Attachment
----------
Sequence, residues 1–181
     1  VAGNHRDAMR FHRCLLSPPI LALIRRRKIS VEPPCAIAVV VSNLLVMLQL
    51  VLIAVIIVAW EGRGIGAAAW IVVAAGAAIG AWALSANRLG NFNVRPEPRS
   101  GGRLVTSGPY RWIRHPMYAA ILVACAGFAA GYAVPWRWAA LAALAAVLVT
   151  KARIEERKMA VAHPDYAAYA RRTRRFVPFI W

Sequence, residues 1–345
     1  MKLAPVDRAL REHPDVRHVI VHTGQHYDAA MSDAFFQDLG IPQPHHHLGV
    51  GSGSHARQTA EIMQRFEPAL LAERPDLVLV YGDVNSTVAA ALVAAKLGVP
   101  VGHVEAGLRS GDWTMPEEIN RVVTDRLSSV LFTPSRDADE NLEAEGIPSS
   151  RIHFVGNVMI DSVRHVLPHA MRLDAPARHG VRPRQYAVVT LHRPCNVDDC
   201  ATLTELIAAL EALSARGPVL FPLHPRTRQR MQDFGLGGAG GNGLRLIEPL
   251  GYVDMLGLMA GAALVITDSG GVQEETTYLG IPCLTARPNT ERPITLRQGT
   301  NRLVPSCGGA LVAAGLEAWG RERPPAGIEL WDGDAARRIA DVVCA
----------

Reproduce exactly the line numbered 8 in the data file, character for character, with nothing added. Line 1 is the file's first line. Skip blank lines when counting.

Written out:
    51  GSGSHARQTA EIMQRFEPAL LAERPDLVLV YGDVNSTVAA ALVAAKLGVP